Much as this post is late (sorry, yesterday was just..weird) tonight I'm going to be very late for game. It's not really avoidable. I got tapped at work to provide some late coverage for an event going on at the school, and considering that I'm trying to be as useful as possible in a department that has been going various sequences of major change over the last couple years, I didn't say no. Besides, they gave me plenty of notice and I like to help folks out.
However, my absense does put a strain on the game and the GM. For one, my character won't be around to participate in things. This is only mildly problematic as the current story arc focuses very little on my character but considering I am kind of the group swiss army knife (medic, explosives, mechanics, electronics, and odd ball strategies) it could have some impact. More to the point though is it can just be weird not having a character around.
In previous sessions the GM has explained a missing person with an abduction attempt on them, but that doesn't seem as likely to work. That does leave more generic options - they're just not there, they're busy doing something else, they're there but staying quiet - but I am not sure how well those sit with the GM. I guess I'll find out.
Today though, I figured it'd be fun to ask how you handle missing PCs given a week's notice. Do you just ignore them? Concoct some story reason for it? Just move them off to the side?
What about when you know they'll be there, or showing up for whatever is going on, just late?
Great topic, because I would suggest the hardest part of GM'ing is running the Human Resources Dept.ReplyDelete
I've thought a lot about this question & what I've come up with, is that the group always comes first. When a player is missing - which is going to happen - there is always a substantial cost. The only question is who primarily pays that cost.
For the purposes of this discussion, assuming the player didn't just completely blow it off, let's treat all reasons for missing the session as equally valid. The GM is already in charge of the HR Dept., no one wants him/her as a parental figure, as well.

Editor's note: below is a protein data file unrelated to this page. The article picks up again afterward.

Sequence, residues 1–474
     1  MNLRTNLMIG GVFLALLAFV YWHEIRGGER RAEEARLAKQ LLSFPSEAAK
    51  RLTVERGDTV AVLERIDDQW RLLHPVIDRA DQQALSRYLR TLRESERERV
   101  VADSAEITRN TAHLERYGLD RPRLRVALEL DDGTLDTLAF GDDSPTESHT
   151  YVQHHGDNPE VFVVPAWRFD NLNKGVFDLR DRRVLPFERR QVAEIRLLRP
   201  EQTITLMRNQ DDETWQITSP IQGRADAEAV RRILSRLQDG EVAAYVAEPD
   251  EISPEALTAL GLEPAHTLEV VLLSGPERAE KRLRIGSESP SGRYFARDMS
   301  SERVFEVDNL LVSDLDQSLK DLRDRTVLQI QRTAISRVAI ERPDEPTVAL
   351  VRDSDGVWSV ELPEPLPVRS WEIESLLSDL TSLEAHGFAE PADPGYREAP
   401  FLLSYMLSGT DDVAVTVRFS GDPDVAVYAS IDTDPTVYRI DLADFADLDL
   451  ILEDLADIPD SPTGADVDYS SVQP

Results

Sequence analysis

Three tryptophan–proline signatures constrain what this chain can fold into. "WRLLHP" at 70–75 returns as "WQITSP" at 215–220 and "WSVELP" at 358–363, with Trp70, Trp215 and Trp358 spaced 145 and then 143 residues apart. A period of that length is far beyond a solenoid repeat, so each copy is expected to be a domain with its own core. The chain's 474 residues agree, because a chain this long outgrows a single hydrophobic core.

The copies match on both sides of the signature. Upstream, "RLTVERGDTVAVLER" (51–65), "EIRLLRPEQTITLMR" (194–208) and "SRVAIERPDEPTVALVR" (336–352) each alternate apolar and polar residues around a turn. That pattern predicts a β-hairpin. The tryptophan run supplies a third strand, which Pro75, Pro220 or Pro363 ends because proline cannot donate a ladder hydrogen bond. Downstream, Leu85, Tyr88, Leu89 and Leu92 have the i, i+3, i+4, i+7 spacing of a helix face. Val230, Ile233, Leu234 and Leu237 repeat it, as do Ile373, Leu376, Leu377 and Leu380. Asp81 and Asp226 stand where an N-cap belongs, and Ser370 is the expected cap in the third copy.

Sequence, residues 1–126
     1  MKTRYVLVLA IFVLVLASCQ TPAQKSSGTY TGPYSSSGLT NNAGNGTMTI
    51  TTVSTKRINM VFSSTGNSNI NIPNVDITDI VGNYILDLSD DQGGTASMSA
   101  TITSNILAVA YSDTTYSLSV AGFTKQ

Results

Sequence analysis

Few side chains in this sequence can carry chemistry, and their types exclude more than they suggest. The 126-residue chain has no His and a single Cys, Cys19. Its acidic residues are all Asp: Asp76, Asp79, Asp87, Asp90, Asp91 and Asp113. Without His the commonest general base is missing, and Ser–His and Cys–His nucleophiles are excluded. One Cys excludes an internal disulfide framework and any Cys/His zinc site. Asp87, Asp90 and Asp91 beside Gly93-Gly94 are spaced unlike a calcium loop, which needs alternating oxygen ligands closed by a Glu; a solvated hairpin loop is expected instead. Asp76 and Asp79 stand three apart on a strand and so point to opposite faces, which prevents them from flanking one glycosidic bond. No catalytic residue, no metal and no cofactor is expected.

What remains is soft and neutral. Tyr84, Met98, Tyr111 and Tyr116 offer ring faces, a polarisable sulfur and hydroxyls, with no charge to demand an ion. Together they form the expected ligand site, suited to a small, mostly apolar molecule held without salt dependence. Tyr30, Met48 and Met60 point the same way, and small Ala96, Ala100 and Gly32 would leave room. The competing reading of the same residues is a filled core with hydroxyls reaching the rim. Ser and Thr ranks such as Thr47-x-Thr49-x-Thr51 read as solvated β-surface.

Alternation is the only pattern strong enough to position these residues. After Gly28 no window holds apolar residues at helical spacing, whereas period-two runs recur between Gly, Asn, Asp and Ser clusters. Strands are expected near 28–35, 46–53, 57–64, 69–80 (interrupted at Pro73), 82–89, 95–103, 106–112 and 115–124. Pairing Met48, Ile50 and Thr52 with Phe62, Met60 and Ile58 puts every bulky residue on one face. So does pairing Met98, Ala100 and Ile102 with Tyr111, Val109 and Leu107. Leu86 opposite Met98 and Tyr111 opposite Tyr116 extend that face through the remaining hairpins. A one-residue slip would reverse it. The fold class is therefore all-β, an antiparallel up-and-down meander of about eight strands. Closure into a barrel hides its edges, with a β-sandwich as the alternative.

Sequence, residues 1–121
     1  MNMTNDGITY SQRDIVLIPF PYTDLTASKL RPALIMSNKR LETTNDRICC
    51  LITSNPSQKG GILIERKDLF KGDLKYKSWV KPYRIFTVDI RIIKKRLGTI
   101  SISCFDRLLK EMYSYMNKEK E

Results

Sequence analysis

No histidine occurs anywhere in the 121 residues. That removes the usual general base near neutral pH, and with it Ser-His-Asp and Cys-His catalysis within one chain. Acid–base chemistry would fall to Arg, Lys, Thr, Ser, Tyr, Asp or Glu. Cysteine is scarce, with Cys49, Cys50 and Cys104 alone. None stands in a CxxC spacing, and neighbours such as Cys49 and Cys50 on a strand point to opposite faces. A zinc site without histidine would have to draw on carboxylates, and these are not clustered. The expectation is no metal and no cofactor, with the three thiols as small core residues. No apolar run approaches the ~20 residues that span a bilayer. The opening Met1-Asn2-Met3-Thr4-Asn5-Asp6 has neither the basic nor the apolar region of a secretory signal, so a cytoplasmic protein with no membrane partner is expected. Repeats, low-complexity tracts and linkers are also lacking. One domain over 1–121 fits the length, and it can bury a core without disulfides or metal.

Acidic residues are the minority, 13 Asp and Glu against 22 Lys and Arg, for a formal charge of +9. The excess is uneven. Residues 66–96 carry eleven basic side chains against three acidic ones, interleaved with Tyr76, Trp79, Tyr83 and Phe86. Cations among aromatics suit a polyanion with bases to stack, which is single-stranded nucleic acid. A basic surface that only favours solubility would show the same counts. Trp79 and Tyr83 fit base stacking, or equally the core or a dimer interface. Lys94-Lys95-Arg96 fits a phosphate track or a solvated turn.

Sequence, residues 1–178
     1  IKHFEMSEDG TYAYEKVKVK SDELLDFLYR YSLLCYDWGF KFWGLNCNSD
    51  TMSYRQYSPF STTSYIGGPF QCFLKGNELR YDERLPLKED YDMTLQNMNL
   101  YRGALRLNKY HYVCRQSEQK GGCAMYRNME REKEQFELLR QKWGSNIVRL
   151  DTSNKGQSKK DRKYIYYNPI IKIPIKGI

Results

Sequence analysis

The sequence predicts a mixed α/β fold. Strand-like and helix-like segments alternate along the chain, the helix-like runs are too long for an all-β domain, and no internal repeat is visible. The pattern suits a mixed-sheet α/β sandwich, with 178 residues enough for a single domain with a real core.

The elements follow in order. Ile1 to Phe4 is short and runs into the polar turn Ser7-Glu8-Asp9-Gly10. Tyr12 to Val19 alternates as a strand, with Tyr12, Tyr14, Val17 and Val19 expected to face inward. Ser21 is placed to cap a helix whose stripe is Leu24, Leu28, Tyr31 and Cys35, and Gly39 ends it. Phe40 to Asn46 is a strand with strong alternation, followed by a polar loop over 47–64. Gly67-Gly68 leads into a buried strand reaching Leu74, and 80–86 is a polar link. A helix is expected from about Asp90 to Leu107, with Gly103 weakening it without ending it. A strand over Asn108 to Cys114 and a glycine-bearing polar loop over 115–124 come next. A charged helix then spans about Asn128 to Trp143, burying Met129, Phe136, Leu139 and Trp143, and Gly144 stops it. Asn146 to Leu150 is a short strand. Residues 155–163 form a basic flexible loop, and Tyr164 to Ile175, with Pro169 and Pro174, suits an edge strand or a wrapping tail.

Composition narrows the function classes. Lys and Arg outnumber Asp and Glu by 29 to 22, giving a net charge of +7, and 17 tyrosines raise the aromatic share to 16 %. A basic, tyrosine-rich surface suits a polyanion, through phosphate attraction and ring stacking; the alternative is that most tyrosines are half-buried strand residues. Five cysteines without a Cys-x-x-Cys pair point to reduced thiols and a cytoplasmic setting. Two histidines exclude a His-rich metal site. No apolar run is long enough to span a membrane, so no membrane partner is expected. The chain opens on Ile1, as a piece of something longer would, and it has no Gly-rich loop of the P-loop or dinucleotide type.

If the GM tells the group that the PC, whose player is missing that session, never got up out of bed or some other such narrative - it's always somewhere between unlikely and absurd & it hurts the group's suspended disbelief. Thereby the group is primarily paying that cost.
Moreover, the group's general strength has immediately been reduced by about 15-33%, depending how many total PCs there are - and that's if that PC's specific skills are NOT needed for that session. If they are needed, the strength reduction can be much worse than that. The group has paid the full cost.
One could say that the missing player is "paying the cost" of not being there...but it was their decision not to make it (again, irrespective of reason). In contrast, the group had no control over it.
I think it's a tough case to make that the group - that is all the folks who defended that evening from life and made the session - should be made to pay all the costs, rather than the player who lost the battle with life that night & missed. To be clear, this is absolutely NOT about "judging" the missing player - this is about who should pay the cost of them missing.
So how do you best transfer the cost from the group to the missing player? The campaign I'm running plays every other Sunday - so completely predictable. I'm requiring firm RSVPs a week in advance. If a player let's me know they can't make it, I go to my list of Guest Players to fill that player's shoes as best they can & run that PC for that session.
I realize that having someone else run that player's PC is not going to be every group's choice - but it's one pretty good way you transfer much (but not all - that's not possible) of the cost from the group to the missing player. You would still MUCH rather have the player running their own PC - but that choice isn't available to the group. And from personal experience, having a Guest Player run that PC, while much worse than having the regular player running them, is substantially better than that PC mysteriously "disappearing" for the session or having another player juggle multiple PCs. The latter results in either that "extra" PC just kind of disappearing anyway, or in that player treating his multiple PCs as "pieces" rather than PCs, precluding him from "playing" his own PC.
What about if that Guest-Player-run-PC gets hurt or dies? Problem is, I can't justify putting a GM protective halo around a PC whose player didn't make the session, but say that a PC whose player DID make the session can be hurt/killed. Talk about a raw deal for the player who made the session! If a player can't make it, *for the sake of the group*, their PC's skills, talents & combat abilities are fully in-play, active & at-risk being fully run by a Guest Player.
That's not going to be the choice of every group - but I think it's the way to go if you determine the group always comes first.